Matt's Reviews > Thelonious Monk: The Life and Times of an American Original

Thelonious Monk by Robin D.G. Kelley
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Aug 12, 10

Recommended for: Jazz/music fans, black history/civil rights fans
Read from January 02 to August 11, 2010 — I own a copy, read count: 1

Hard to rate -- if I'm going on exhaustive research and attention to detail, I'd give it 5 stars. It reads a little slow and tends to get into a play by play of "how the shows went over" a bit too much, I thought, but generally this was an incredible, interesting read. It's sometimes hard to connect the thoughtful, reasonable man portrayed throughout this book with the character you see spinning around in "Straight, No Chaser," and the interpretive gap still has me a bit off guard -- did Kelley maybe make too many concessions or gloss over Monk's mental lapses a bit too much in the book? I don't know, but he definitely uncovers a pretty rich logistics to a truly strange life.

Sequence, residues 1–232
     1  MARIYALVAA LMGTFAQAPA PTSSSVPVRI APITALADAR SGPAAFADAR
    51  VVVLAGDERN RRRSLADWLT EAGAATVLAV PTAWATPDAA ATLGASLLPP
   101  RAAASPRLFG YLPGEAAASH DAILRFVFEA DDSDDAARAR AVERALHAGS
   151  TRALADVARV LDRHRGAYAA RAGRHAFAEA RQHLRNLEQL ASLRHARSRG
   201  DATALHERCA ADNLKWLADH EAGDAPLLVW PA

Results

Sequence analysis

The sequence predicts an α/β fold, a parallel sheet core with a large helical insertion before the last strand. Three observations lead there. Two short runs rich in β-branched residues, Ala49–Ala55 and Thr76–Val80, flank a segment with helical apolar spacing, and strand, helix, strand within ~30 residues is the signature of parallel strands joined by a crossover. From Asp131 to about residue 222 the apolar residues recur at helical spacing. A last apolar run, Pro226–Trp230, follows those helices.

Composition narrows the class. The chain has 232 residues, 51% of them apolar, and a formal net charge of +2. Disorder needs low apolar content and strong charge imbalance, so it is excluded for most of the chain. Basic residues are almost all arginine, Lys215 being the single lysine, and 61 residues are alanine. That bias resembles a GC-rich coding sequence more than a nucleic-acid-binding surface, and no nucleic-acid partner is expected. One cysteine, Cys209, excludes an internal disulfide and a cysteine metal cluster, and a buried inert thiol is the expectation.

Musically, I feel like Kelley could have done a bit more to place Monk in contemporary contexts as time went on. Characters like Dizzy Gillespie and John Coltrane float in and out of the story without much description about what kinds of things they had moved on to and how it compared to what Monk was doing -- in Monk's eyes, in the critics of the day, or even in Kelley's own opinion. We get to see it a bit with the friction between Monk and Ornette Coleman and Davis' later fusion period, but I feel like that could have been explored a bit more (although it pains me to suggest that Kelley should have done any more work on this book that he already has . . . ).
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